Cost, not a lack of courage, ensured that the entry field for the 1907 Peking to Paris car race was small. A massive two-thousand-franc deposit (equivalent to a professor’s annual salary) kept all but five of the aspiring contestants out of the race. That exclusion, as Kassia St Clair demonstrates in her captivating history of one of the most challenging endurance trials in the history of motoring, was precisely what the organisers intended.
The idea for the race came from the French newspaper Le Matin, the front page of which, in January 1907, contained an article lamenting that the fledgling automotive industry was being stifled by lack of ambition. What was needed was a demonstration that ‘with an automobile one can do anything and go anywhere’ – hence the idea of a race from Peking to Paris. Five entrants made for a fabulous news story populated by individual heroes. The race was guaranteed to keep Le Matin’s readers in thrall for the two summer months required to complete a seemingly impossible journey spanning two continents and covering well over eight thousand miles of inhospitable terrain.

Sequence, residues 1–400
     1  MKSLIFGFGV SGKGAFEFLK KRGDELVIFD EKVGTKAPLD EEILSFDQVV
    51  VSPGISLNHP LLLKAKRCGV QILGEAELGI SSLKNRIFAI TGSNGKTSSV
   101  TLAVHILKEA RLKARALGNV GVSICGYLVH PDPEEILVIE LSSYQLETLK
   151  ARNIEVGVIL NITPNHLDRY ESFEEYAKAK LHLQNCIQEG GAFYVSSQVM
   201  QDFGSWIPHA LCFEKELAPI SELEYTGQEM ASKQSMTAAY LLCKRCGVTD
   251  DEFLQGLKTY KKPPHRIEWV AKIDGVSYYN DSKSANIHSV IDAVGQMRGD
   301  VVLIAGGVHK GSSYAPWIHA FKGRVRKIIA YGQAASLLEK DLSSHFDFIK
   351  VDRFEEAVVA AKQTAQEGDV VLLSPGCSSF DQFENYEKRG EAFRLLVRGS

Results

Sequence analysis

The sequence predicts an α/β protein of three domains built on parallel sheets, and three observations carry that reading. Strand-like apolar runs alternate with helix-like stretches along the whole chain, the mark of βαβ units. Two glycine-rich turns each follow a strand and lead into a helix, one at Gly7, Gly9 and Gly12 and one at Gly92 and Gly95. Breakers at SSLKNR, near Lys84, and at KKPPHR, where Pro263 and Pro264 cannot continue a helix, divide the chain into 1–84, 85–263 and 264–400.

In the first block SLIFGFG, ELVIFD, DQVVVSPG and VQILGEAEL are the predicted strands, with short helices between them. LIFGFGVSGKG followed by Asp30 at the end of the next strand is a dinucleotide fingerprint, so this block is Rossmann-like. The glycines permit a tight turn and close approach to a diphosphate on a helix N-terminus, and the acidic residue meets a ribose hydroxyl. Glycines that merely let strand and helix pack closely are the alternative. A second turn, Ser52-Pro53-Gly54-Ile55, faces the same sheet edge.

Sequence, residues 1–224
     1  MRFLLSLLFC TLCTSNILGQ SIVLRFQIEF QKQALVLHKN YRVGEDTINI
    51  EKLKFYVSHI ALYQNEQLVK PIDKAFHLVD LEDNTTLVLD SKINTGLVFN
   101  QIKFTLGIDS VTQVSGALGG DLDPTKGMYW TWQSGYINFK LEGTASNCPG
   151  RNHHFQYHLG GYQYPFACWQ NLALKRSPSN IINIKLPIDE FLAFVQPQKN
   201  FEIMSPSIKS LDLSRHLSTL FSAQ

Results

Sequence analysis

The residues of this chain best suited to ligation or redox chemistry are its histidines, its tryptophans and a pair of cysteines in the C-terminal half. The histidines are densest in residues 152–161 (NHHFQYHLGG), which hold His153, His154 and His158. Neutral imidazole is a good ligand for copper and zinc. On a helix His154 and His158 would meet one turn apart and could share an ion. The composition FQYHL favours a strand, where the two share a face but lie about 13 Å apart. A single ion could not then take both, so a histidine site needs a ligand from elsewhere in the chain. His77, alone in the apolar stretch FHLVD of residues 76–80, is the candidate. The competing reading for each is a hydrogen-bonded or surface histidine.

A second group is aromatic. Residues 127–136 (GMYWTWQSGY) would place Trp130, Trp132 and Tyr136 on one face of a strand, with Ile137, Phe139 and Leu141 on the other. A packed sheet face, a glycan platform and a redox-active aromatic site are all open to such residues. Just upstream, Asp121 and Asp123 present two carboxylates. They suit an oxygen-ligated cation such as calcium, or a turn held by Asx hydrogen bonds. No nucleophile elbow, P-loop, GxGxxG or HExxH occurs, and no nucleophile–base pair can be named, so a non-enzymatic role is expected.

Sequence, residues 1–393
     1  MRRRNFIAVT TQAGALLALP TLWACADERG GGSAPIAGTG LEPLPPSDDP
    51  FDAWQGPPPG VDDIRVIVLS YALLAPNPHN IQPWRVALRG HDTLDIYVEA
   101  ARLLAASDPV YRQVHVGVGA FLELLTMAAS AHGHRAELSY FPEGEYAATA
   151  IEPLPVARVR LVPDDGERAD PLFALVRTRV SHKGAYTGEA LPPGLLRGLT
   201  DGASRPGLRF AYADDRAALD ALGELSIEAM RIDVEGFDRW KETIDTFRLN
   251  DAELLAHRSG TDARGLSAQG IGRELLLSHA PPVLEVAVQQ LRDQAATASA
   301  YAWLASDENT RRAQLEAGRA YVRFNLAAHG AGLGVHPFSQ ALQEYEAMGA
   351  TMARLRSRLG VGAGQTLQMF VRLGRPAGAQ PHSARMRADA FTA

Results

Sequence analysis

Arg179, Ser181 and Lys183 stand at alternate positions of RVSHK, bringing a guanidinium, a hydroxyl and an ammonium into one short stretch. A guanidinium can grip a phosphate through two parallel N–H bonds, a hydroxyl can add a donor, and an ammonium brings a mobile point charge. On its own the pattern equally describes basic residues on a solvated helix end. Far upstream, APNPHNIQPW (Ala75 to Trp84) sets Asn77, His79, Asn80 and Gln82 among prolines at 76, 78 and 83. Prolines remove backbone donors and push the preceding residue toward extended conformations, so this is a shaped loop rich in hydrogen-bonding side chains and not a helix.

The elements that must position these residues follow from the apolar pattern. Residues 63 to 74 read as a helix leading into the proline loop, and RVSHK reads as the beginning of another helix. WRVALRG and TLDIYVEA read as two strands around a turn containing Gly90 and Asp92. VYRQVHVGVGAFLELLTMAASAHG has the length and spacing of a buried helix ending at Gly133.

Le Matin’s editor, Henry de Jouvenel, prime deviser of the race (and a future husband of the novelist Colette), was understandably confident of a victory for one of France’s four entrants. Two were experienced drivers in cars from the trophy-winning firm De Dion-Bouton. A third, Auguste Pons, in